5 Weeks Pregnant Ultrasound Scan: What to Expect

Getting a positive pregnancy test is an exciting moment for any expectant mother. It confirms that you are indeed pregnant and brings about a rush of emotions and thoughts about the future. If this is your first pregnancy, you are likely both excited and overwhelmed about all the changes you are experiencing.  Many people have questions about when the first ultrasound will be after getting a positive pregnancy test. The 5 weeks pregnant ultrasound is an early scan that serves as a crucial milestone in your pregnancy journey.  

This early scan offers an initial peek into the little world forming within you. It is a crucial step in ensuring that your pregnancy is progressing as it should be. Whether you are brimming with excitement, feeling a tad anxious, or a bit of both, we are here to provide you with all the essential information you need to navigate this amazing yet mysterious phase of your life. 

This article is for informational purposes only and does not give medical advice. Always check with your healthcare provider with any questions or concerns you have during your pregnancy.

What is the 5 Weeks Pregnant Ultrasound?

The scan is an early ultrasound done during the first trimester when you are around 5 weeks gestation. This would mean you are around five weeks after your missed period.  Not all pregnant women get an ultrasound this early.  Early pregnancy scans are most often done if you are undergoing fertility treatment, such as in-vitro fertilization. You may also have an early scan if you have previously experienced pregnancy complications, such as a miscarriage or an ectopic pregnancy.  High risk women, such as those with certain health conditions, may also get a 5-week ultrasound scan.

The typical dating scan is done around 8 weeks of pregnancy. This would be 8 weeks after the first date of your last period.  This early scan is usually a transvaginal ultrasound. It involves a probe that is inserted into the vagina to get a closer look at the uterus and developing embryo. The transabdominal ultrasound is not typically used until later in the pregnancy, such as during the second trimester. This is because the baby is still very small and not easily visible through the abdomen at 5 weeks.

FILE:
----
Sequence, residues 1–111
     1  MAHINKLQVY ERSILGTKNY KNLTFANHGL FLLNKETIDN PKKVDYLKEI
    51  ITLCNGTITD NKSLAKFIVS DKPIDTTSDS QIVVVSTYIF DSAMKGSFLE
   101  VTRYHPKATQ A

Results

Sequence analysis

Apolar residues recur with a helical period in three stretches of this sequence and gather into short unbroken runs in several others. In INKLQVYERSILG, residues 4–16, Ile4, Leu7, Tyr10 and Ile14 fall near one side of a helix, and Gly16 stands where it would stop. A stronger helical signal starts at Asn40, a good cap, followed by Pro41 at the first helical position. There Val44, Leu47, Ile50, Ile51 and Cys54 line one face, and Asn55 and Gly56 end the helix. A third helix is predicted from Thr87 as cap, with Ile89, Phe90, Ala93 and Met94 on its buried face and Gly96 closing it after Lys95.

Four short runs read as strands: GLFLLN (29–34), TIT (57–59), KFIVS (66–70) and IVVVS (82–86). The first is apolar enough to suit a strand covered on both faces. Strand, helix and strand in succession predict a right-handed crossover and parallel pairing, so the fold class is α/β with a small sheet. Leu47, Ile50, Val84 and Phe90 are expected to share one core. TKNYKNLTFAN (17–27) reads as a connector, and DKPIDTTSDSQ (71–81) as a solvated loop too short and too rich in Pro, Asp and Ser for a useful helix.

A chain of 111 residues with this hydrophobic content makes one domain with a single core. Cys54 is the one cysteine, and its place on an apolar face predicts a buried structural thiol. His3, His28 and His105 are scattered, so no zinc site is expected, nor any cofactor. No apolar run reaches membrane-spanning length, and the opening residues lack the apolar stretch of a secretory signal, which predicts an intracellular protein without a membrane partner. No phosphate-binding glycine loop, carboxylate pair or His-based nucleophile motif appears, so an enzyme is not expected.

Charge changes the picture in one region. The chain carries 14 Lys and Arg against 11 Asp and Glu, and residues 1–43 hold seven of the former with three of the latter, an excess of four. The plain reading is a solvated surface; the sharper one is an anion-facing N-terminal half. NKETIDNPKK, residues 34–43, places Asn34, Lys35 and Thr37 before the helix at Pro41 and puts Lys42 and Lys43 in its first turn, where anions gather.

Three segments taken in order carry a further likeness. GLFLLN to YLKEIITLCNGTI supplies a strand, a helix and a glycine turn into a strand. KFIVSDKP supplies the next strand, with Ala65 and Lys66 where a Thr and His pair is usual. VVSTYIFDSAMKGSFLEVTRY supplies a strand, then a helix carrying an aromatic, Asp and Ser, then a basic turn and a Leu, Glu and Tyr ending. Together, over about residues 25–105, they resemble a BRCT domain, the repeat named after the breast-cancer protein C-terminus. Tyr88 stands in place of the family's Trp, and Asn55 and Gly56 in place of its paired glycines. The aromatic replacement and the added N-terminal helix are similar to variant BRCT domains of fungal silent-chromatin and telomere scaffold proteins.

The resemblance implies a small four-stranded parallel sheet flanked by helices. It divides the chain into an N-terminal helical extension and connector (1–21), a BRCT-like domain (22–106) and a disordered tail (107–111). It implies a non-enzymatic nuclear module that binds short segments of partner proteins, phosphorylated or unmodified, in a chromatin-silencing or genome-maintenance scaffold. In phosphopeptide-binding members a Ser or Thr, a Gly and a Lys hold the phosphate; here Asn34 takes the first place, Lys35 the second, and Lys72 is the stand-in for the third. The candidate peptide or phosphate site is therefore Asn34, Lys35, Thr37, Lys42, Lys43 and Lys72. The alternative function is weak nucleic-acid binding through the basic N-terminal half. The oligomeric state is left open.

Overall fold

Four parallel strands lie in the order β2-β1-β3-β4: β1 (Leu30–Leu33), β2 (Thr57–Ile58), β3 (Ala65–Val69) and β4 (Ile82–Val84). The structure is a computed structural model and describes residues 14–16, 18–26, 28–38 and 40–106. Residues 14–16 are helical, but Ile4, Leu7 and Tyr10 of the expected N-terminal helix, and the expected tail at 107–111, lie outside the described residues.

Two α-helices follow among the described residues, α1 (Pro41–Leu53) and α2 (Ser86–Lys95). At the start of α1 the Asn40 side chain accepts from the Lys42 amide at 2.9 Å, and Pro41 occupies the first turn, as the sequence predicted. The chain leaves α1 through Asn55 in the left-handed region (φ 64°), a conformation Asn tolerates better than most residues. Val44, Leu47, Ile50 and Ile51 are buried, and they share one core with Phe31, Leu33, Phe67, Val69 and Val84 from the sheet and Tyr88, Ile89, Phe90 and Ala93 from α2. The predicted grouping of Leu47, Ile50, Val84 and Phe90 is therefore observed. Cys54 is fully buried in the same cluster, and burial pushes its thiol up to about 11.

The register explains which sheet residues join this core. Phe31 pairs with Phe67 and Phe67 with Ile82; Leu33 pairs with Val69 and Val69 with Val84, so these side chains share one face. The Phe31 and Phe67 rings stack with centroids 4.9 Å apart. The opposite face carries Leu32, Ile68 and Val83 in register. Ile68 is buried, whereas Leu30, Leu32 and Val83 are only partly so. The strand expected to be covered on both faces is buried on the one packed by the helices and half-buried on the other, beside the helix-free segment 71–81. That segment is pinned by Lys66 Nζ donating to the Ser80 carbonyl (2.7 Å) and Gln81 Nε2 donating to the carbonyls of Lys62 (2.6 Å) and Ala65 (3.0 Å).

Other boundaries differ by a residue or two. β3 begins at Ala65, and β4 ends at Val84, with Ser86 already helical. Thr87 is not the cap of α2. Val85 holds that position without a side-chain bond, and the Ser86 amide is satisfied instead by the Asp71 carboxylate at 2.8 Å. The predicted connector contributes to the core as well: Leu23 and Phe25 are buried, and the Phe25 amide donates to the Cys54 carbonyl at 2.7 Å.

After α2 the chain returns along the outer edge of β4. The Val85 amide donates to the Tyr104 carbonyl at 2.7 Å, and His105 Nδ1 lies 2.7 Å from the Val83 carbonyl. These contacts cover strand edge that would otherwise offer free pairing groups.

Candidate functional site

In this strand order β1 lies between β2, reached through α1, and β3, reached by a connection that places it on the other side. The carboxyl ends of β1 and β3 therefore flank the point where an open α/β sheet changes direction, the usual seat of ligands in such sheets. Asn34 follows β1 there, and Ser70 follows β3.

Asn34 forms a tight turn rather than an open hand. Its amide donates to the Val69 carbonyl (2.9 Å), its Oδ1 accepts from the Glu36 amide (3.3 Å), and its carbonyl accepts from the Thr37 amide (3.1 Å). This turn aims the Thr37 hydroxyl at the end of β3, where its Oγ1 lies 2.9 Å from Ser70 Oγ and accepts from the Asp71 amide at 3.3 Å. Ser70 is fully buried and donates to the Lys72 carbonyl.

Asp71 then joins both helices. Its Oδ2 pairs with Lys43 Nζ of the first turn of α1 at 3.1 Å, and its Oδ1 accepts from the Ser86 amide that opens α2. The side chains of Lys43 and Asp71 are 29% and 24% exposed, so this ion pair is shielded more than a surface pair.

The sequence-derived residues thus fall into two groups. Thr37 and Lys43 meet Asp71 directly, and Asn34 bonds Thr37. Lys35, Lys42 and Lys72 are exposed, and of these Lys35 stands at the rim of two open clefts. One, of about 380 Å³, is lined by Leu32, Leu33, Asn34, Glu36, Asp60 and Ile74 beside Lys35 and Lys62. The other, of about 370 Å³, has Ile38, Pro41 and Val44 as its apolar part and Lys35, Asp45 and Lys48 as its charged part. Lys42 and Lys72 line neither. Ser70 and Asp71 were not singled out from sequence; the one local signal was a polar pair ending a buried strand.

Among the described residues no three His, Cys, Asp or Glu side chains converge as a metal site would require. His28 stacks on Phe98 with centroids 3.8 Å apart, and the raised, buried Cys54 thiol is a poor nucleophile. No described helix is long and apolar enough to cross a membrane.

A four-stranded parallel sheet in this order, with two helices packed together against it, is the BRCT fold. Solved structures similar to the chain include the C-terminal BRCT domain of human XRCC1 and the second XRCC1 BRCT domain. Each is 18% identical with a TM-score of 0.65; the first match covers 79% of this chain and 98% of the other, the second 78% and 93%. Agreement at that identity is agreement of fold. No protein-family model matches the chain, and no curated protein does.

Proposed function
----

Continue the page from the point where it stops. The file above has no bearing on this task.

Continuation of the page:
This ultrasound serves as an important tool for both you and your pregnancy care provider. Remember, pregnancy tests can only tell you that you are pregnant, but cannot tell you how far along you are. An ultrasound confirms the pregnancy and provides an estimated due date based on the size of the embryo. This is crucial information for tracking the growth and development of the baby throughout the entire pregnancy. Additionally, this early scan is the best way to detect any potential complications or issues that may need to be addressed. 

If any complications are detected, your healthcare provider will work with you to develop a plan of action and monitor the situation closely. It is important to stay calm and communicate openly with your healthcare team during this time. Remember, early detection of any issues can help to improve chances for a healthy pregnancy. It also helps protect the health of the mother.

A woman's hand points to an ultrasound image of a baby on a screen.

What to Expect During the Ultrasound?

Before the ultrasound, you will be asked to drink plenty of water and have a full bladder. This helps create a clearer image on the ultrasound machine. During the scan, your doctor or ultrasound technician will use a probe to capture images of your uterus and embryo. An ultrasound works by using sound waves to create images.  You may feel some slight pressure or discomfort during the procedure, but it should not be painful. The entire process usually takes around 15-20 minutes at most.